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View Poll Results: What would you personally prefer to happen?
I want the UK to stay in an ever-closer union 49 23.11%
I want the UK to stay in a loosely connected EU 68 32.08%
I want the UK out because the EU is bad for the UK 22 10.38%
I want the UK out because the EU is a bad thing 23 10.85%
I want the UK out because this would be good for the rest of us 17 8.02%
I don't really care 33 15.57%
Voters: 212. You may not vote on this poll

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  #14201  
Old 23.10.2018, 14:37
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Re: The Brexit referendum thread: potential consequences for GB, EU and the Brits in

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I purchased a flat for £40,000 which today is worth £985,000, Urs Max wrote "Adjusted for inflation since 1981 that's less than £250k." is where the £250k came from.
So...what caused the local housing market to thrive and values to increase way beyond national averages?

Was it, perhaps, EU businesses setting up branches in the area?

Was it EU workers moving to the UK and pushing property prices up due to increased demand in that area?

Was it EU funding for inner city redevelopment that made the area more attractive to potential buyers?

Etc....
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  #14202  
Old 23.10.2018, 14:37
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Re: The Brexit referendum thread: potential consequences for GB, EU and the Brits in

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Are we talking about the same miners that kept going on strike? Regular power cuts.

Like typewriter engineers, some business's become irrelevant over time.
EU Health & safety laws would have killed the mining towns, it was just a matter of time.
This is absolutely typical of the trash you keep coming out with, just as long as it was OK for you , then too bad for the rest of your fellow country men and women it was all their fault.

But if you were born the son of a farmer or a miner there was nothing you could do about the fact that there was no money and very few opportunities in this communities for you to advance. These were times when farmers had to put down animals because they could not afford to feed then, where there were markets with no buyers etc. And no matter how hard you worked there was no money!

You were lucky in the 80s, but many were not, that is all.
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  #14203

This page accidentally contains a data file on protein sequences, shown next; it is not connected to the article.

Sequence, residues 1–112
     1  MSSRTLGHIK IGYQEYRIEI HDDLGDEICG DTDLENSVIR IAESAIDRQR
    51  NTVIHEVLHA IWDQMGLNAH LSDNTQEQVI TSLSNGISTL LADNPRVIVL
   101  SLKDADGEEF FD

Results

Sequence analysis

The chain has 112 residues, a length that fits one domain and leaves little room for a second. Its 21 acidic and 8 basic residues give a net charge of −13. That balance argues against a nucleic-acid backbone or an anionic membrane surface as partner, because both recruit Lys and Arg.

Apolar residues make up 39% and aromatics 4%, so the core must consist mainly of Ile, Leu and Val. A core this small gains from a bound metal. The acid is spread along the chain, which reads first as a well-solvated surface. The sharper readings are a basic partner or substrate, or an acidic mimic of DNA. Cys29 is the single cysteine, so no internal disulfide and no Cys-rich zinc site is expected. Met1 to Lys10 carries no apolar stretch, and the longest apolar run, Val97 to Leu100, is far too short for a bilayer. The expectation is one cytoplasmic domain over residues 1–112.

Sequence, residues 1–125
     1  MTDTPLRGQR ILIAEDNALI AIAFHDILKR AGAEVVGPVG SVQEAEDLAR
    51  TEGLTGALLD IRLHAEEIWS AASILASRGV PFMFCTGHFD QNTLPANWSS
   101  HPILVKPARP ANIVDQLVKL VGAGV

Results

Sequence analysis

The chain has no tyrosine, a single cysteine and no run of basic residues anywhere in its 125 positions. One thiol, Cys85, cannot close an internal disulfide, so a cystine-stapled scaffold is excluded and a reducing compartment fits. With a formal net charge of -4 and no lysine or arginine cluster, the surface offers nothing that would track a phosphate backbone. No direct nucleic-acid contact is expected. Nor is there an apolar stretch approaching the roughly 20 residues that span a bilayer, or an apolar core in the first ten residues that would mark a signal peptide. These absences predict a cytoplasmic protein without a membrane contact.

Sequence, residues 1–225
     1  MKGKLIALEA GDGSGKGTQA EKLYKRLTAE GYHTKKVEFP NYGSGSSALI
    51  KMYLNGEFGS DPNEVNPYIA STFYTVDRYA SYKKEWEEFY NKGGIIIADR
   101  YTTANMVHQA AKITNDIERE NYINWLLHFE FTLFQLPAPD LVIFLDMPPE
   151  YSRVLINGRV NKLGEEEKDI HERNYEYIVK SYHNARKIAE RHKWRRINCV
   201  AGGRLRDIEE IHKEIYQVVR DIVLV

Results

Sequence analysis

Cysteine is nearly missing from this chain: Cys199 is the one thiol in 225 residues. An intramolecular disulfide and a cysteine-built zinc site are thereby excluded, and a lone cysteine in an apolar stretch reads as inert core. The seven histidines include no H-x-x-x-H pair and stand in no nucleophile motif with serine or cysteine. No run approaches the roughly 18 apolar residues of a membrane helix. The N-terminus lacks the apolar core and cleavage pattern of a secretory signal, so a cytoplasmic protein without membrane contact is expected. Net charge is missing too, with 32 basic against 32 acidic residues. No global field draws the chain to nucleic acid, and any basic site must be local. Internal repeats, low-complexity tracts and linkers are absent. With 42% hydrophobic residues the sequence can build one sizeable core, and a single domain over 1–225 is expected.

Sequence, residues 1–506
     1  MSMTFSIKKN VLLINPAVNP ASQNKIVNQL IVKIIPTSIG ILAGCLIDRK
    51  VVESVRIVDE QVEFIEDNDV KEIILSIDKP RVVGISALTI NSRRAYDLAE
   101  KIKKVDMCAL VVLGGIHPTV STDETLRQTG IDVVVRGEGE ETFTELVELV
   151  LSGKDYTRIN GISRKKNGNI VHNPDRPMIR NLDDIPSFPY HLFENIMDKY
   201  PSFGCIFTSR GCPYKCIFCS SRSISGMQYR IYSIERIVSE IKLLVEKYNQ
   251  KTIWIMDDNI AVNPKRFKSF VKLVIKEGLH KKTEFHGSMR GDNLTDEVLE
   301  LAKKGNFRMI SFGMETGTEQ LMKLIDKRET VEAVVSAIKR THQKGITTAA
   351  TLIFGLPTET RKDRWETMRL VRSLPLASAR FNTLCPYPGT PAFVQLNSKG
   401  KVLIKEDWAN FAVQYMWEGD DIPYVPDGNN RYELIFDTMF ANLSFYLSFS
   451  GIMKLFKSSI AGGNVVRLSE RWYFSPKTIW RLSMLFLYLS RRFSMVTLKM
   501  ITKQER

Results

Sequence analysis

Old 23.10.2018, 14:40
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Re: The Brexit referendum thread: potential consequences for GB, EU and the Brits in

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And this is why learning punctuation is important.
Common sense should pick up the obvious error, but then misunderstanding was your intention so you could try to score a point.
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  #14204  
Old 23.10.2018, 14:41
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Re: The Brexit referendum thread: potential consequences for GB, EU and the Brits in

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Common sense should pick up the obvious error, but then misunderstanding was your intention so you could try to score a point.
Common sense would have been for you to include the £1500 figure, then there could have been NO confusion. Common sense also tells me you were attempting to continue boasting, until you got caught out.
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  #14205  
Old 23.10.2018, 14:47
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Re: The Brexit referendum thread: potential consequences for GB, EU and the Brits in

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Are we talking about the same miners that kept going on strike? Regular power cuts.

Like typewriter engineers, some business's become irrelevant over time.
EU Health & safety laws would have killed the mining towns, it was just a matter of time.
Or the EU renewable energy directive.

I watched Brassed Off the other day, had to hoot at his speech at the end. 10 years to see what's coming and not one of them thought to retrain or try something new? The limit of their view was mining (mostly by hand tools), brass band and the social club? Forever? And all their decedents too? With massive taxpayers subsidies? Incredible.
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  #14206  
Old 23.10.2018, 14:48
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Re: The Brexit referendum thread: potential consequences for GB, EU and the Brits in

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So...what caused the local housing market to thrive and values to increase way beyond national averages?

Was it, perhaps, EU businesses setting up branches in the area?

Was it EU workers moving to the UK and pushing property prices up due to increased demand in that area?